Saladstation / id design

© Ali Bekman

Architects: id design
Location: , Turkey
Project area: 133 sqm
Project year: 2009 – 2010
Photographs: Ali Bekman

© Ali Bekman

Salad Station, being one of the first representative in Turkey of the rapidly growing ‘healthy fast food’ business in western countries, has been designed in a natural and plain fashion with the integration of notable dynamic elements, to suit the company basic principles of providing products in a natural, healthy and fresh manner.

The exposition of the brick wall texture where naturalism and simplicity comes into form, has been aimed at the preservation of the orıginality of the existing building. Sustaining this texture overall, has been achieved by means of using a selection of natural materials.

© Ali Bekman

Due to space restrictions, a mezzanine floor has been constructed by exploiting the opportunity provided by the high ceilings, without causing any interference with the original facade. A dynamic mass effect has been provided by means of mezzanine floor being suspended from the ceiling and separated from the side walls. This has also provided a functional opportunity of locating the kitchen space.

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Loyalty to originality has also been key to the design of the facade of Salad Station located on Istiklal Caddesi, which has been formed in a simplistic way that does not dominate the building as a whole unlike the equivalents in elsewhere on the Street, where disproportioned signboards are of great fashion.


A dynamic tone of green has been chosen for floor finishes in order to set the corporate identity of the brand within this natural and simplistic environment. Seamless transition in between different colors to suit the corporate identity has been achieved with the use of wood as a material which introduces a warm feeling into the space where certain dominating colors were utilized. A graceful appearance which penetrates into the Istiklal Caddesi has been the result of the striking effect created in the space.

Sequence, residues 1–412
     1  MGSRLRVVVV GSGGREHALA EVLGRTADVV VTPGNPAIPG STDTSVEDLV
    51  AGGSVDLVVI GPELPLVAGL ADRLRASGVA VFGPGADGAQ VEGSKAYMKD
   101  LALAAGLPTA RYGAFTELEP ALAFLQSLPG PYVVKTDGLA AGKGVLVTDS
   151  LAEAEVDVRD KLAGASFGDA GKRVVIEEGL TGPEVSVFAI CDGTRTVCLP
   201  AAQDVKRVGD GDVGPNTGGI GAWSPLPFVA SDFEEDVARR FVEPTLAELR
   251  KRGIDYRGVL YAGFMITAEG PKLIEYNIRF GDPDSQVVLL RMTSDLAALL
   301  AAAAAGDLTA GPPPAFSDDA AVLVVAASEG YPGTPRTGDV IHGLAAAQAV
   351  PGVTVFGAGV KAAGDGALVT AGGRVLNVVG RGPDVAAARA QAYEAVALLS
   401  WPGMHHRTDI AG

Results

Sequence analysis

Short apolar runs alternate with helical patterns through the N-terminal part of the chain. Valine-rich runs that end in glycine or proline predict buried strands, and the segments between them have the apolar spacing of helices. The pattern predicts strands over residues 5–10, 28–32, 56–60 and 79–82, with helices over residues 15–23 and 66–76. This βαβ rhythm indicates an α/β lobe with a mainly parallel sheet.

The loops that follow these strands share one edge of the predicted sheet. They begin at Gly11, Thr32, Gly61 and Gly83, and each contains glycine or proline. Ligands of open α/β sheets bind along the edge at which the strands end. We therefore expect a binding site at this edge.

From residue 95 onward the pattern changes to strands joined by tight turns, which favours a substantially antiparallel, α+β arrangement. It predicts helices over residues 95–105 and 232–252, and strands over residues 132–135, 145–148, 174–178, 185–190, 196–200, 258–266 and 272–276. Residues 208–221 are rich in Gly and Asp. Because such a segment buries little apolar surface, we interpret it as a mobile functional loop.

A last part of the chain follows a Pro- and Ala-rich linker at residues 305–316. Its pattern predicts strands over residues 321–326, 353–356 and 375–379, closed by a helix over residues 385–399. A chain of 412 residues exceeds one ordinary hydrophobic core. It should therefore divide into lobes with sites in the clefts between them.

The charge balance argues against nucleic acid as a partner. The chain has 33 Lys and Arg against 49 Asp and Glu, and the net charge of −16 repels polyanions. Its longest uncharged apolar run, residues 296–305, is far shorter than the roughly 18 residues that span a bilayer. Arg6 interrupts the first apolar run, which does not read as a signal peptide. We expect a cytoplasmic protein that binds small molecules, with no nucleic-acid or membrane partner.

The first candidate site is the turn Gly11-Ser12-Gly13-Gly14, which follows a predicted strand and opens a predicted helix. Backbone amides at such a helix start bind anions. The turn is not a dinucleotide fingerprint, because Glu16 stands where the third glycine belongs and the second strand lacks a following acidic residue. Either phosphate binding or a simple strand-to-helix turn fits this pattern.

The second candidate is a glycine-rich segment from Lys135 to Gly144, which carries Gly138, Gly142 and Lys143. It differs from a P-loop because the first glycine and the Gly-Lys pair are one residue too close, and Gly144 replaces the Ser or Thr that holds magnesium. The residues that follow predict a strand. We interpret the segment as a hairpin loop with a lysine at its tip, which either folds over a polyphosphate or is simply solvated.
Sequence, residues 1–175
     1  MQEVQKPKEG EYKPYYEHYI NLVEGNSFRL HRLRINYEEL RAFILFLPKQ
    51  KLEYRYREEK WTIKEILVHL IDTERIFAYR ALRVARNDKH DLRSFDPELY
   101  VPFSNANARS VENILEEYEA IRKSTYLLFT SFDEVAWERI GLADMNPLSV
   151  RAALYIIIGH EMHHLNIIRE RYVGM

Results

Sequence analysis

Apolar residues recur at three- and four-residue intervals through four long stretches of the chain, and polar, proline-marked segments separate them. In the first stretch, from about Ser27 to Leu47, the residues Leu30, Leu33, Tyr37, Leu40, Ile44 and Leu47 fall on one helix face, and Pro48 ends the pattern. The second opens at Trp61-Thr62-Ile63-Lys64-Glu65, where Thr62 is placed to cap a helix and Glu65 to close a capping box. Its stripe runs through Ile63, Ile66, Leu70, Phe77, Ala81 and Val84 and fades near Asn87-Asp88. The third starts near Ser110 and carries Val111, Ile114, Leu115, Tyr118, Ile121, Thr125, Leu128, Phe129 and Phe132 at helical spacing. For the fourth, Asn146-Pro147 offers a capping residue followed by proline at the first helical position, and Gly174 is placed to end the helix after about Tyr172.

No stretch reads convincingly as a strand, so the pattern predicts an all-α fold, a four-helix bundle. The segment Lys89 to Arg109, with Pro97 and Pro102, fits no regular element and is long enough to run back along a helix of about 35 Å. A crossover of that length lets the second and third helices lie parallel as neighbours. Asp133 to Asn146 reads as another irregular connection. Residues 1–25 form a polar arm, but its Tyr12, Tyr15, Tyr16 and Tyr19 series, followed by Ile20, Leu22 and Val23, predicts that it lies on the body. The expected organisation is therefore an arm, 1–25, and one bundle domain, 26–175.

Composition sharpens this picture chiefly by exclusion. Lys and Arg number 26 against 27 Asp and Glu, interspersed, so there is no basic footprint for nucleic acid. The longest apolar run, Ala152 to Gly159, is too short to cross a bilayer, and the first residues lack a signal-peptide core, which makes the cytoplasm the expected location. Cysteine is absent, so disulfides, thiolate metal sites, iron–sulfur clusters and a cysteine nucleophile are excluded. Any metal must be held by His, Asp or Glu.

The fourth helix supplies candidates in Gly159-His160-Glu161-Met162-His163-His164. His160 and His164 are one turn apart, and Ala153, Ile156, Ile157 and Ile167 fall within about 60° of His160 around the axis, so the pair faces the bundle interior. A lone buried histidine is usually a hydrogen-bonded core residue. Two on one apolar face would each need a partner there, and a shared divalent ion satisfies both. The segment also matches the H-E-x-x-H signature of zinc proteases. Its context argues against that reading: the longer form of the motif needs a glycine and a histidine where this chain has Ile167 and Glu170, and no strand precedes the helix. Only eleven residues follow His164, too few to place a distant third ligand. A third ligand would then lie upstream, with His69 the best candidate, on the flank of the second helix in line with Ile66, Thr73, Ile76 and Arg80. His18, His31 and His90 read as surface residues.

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* Location to be used only as a reference. It could indicate city/country but not exact address.
Cite: "Saladstation / id design" 26 Feb 2011. ArchDaily. Accessed 27 May 2015. <>
  • deniz

    hey i have eaten here! its a nice little space.

    but a little note; its really depressing to see a restaurant photographed empty. i will never understand this trend of empty architectural photographs

  • godryk

    Well my friend, you may like it or not, but I find it funny calling that a “trend”.

    Architecture has been frecuently photographed empty, before the buildings were open (when architects have easier access to them) or whatever. People also seem to complain about an empty school or an empty plaza/square, or an unfurnished home. Come one, of course it’s nice to see a good photographer to grab some of the cutest kids in the playschool and put them in the middle of the photo, but we are architects (or wannabes) and we are discussing architecture and design, and a black and white drawing should be enough to start the discussion.


  • deniz

    it sure is enough from architectural point of view, but from photographic point of view it is just flawed.

    • mikeyb66

      I agree deniz, when mocking up visuals most firms will always put people in to give a sense of scale, place, activity etc. As soon as it is built though any photos generally require people to be excluded. Odd logic.

  • Cem

    What a pity that in your great design you have completely overlooked the residents in the building in which your establishment is found. The smells and noises are vented through the building necessitating that residents keep their windows closed even on the hottest days of the Istanbul summer. You have ignored repeated requests to silence the offending noises and smells. GOOD DESIGN IS MORE THAN ” LOOKS”!